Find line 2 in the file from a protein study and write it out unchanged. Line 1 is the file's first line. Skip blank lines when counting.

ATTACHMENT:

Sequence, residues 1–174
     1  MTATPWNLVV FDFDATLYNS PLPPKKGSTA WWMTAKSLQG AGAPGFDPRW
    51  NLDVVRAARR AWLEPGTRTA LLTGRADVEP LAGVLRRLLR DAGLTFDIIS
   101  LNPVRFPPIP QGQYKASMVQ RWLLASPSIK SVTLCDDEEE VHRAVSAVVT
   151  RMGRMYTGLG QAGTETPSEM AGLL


     1  MTATPWNLVV FDFDATLYNS PLPPKKGSTA WWMTAKSLQG AGAPGFDPRW